Last year at this time, I wrote a piece, ‘The Class of 2014’, in which I gave a summary of my year, and pointed out the good things that had happened. I was quite happy to see how many people read it, and better, revisited it, throughout the year. I thought I’d do the same this year, although the ‘spin’ has to be different.
During the last twelve months, I’ve lost my home (again), relocated to an area of the country to stay with people with whom, ultimately, I did not feel safe. After considerable turmoil, I returned to the middle West very hastily, and at great expense. Now I’m camping on someone’s couch, at their tremendous inconvenience, with the hope of avoiding the trauma of a homeless shelter in my immediate future. I interacted a spectrum of people ranging from with people who insisted on treating me like a child (which is humiliating), to people who expected too much—they don’t understand conditions like PTSD or Anxiety Disorders, and the limitations such conditions impose (which is frustrating). Curiously, those who did the one often did the second as well.
It has not been a stellar year.
Although there was a lot of negativity in 2015, there were positives as well. I discovered, for example, that I meant something to a young lady of ten, even though I had to leave before she could express that feeling. I discovered the selflessness of friendship, going above and beyond anyone’s reasonable expectations. I learnt something about being forgiven and embraced after many years’ absence. I found ‘keep it simple’ to be a very useful rule of thumb, and learnt not to worry, or to plan, beyond the next meal. I learnt to accept that in every situation, there is a certain element of the unknown that must be taken into account in any expectation because Surprise is part of the Universal Experience. Predictability is a bore and life is anything but boring….
I was also reminded of a very old lesson—actions speak louder than words. What makes a person a good Christian is not whether they’ve read the Bible from cover to cover, but what they’ve done with what they’ve read. The wisest people are not those with the catchiest clichés, but the most profound silences. I’ve also learnt that some of the best people are those who suffer the most. They know what it is to listen because they have known what it was not to be heard.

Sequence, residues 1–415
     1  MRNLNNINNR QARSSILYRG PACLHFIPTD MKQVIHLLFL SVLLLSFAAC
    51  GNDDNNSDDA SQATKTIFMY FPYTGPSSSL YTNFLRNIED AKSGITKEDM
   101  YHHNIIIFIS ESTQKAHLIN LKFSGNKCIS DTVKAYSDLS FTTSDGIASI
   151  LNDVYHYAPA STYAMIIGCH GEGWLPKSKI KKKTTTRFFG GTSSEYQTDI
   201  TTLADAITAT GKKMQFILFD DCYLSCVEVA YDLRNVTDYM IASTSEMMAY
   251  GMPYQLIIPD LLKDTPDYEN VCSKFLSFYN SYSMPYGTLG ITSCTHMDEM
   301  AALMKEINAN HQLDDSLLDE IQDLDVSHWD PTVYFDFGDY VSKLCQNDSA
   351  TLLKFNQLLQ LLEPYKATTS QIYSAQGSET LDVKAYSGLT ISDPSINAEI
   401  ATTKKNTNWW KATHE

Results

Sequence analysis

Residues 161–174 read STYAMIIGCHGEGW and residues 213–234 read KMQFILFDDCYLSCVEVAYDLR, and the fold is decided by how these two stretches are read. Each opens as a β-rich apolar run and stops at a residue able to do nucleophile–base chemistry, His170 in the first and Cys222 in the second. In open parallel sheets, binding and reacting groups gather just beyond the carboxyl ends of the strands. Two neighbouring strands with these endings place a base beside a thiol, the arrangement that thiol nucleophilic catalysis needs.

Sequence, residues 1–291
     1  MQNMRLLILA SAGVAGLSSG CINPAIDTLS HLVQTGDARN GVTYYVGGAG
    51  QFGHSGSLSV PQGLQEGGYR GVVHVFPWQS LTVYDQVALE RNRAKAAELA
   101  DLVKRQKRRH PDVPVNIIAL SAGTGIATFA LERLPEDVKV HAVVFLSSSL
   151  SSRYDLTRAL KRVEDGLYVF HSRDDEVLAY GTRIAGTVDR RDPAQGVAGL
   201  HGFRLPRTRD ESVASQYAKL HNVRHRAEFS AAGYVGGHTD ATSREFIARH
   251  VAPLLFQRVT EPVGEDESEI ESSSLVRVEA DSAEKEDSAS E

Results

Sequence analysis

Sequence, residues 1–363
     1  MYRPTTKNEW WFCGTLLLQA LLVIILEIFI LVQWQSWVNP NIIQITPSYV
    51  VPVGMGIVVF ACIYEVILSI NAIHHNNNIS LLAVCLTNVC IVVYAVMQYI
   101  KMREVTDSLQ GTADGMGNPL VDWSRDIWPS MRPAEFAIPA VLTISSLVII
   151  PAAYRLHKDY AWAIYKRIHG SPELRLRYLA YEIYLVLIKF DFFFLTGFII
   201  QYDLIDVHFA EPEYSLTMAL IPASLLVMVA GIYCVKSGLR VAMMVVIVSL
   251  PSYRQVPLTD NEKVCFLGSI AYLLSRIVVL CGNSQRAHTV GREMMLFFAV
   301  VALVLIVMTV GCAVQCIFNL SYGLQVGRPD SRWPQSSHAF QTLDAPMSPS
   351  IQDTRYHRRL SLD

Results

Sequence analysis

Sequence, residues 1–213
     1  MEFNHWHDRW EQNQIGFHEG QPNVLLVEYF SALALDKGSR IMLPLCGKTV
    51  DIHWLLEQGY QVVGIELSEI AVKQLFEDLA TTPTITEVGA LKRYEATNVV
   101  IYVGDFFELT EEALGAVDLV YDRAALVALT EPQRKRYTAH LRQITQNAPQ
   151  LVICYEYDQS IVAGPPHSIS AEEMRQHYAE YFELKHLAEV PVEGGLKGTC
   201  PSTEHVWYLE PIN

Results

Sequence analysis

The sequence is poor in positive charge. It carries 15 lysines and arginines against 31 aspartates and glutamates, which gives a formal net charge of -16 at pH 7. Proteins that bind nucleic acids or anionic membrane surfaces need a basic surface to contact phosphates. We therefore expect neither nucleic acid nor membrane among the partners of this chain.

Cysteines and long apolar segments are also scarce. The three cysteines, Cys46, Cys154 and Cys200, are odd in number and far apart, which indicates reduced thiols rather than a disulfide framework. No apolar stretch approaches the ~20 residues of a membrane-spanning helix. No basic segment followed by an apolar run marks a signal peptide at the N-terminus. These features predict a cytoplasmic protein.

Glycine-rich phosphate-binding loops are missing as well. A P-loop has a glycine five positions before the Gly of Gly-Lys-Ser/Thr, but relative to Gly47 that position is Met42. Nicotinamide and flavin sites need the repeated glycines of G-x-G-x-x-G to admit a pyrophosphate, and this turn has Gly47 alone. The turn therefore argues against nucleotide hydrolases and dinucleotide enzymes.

I learnt a lot about faith and here I have to make some distinctions. I don’t mean the Pollyanna-type faith expressed in mindless optimism, or the saccharin faith that (big sappy grin) ‘The Lord will provide’ because it said so in a Sunday school song. No clouds part to let a brilliant sun shine through, nor do choruses of angels intone ‘Ahhhhhh’ in heavenly wise.
I mean the faith that comes from living in hard times and surviving. Consequently, when my friend said ‘It will work out,’ I knew she was speaking from experience, and to my joy, she was not wrong (though the fruits of faith sometimes blossom s-l-o-w-l-y). Although it was difficult, in time I found myself thinking her way.
We’ve discussed faith before. It is a vital element of being human, it is easiest to have when things go well, and most important (as well as most difficult) to have when having faith is most needed. There are very few people in the world who have had an easy time with life. Pain is relative—the disappointment that annoys me might devastate you, and yet, you might find it easier than I to believe that no matter how long it takes, ‘joy cometh in the morning.’ We all have endured disheartenment and sorrow, and we all have survived it. These are the lessons 2015 gave to me.
Why is Faith vital?
What do you have without it?
Paul TN Chapman
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